My grandpa left us last night.
The day before he died, I had a dream. In the dream, I was in a competition of some sort. I was supposed to do something really original to show to the crowd or something like that, and I felt really stressed out because I couldn’t think of anything. While I was trying to think of what I was going to do, I remember feeling really down on myself, like I wasn't good enough. Suddently, someone said, “Jess, your grandpa is here!” I turned around, and there he was. He took my hand, and led me out of the room I was in. We walked outside, and sat down to talk. I woke up knowing that he had come to say goodbye to me, and to tell me that he was proud of me and that he loved me just the way I was. After I woke up, I wanted to keep talking to him, but in seeing him, it was if he was telling me that he would be around to talk whenever I needed to.
I imagine an accurate way to describe my grandfather would be a “surly curmudgeon with a heart of gold.” He was in many ways a paradox, a unique blend of cantankerous stubbornness and warm fuzzies. And we loved him greatly for that. He didn’t give a flying HELL what came out of his mouth or who heard what. He was hilariously inappropriate, crass, and outspoken. He also played Santa Claus at the mall, and brought joy to little kids with his creative stories about the North Pole. He was deeply spiritual, an elder at church. He had a poster in his bathroom with a guy with his pants pulled half way down that said, “Say no to crack.” He had a huge soft spot for his dog K.D. He loved radishes, peanut butter on hamburgers (don’t knock it til you try it), and peanut butter sandwiches dipped in milk. He always had a baseball hat on, and his La-Z-Boy was off limits (though occasionally he let me sit there). He smoked cigarettes despite every person he knew telling him to knock it off. He was quite the craftsman and loved his tools. He loved Big Band music, and sometimes would spontaneously burst into song (he was a deep rich baritone). He said things like, “Fiction or fact from Joe’s Almanac.” He loved lighthouses, and I had always wanted him to come to Seattle, but I imagine he is sitting by the shore looking out across the sea with God right now. While he presented a tough exterior, the man had the insides of a gooey marshmallow. And he always made sure to say, “Well, we’re proud of you kid.” He was who he was, no matter what. And I loved all of these things about him, the complexity of his character and his ability to just be…Grandpa.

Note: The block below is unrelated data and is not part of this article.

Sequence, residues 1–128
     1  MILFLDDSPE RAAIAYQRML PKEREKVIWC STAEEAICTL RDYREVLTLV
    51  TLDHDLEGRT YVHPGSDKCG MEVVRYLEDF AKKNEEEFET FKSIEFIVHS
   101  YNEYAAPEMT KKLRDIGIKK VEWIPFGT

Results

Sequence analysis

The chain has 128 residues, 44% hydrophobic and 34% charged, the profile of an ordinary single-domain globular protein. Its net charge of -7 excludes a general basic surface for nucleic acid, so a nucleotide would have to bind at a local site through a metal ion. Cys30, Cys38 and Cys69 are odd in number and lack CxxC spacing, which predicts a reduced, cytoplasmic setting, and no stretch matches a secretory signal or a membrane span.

I wasn’t there, but from what I was told, when he died, the moment was surrounded by peace and calmness. He was not alone. He told my uncle that he saw the hand of God.
My mom thinks that he knew when he was supposed to go. My brother, mom and I had a chance to talk to him on his last day, to let him know that we loved him, a gift I can’t believe I was so lucky to receive. I was told he cried, because even though he couldn’t talk to us, he knew what we were saying to him.
I always thought about death in a dark and ugly and scary way, but that’s not how it happened. And I’ve always been afraid of death in many ways. But it turns out, that through a tragic, sad, and painful experience, God showed up. Through all the doubts I might have about faith, too much has happened that leads me to believe that there is something bigger than ourselves. God has taken a moment that we look at as horribly painful, but somehow has brought goodness and beauty out of it: the release of someone from pain, the welcoming home for a child of God, bringing a family together, revealing God's self and peace and reassurance to people who desperately need to see it.
Death is frightening because it is the great unknown. No one can come back to tell you about what the experience is like. Someone I knew told me that death is much like our experience in our mother’s womb: when we are in there, we don’t want to leave. It is warm, safe, and it is all we know. And then we are pushed out into the world, a great, big, wonderful world that we never could have dreamt of. And I imagine this is the same way that death works: we cannot imagine anything beyond what we can experience on earth, and while it is frightening to leave what we know here, there is another better world to explore and know. It is the mystery that is the scariest part, but I imagine also the most beautiful.
Love you Gramps. Welcome home.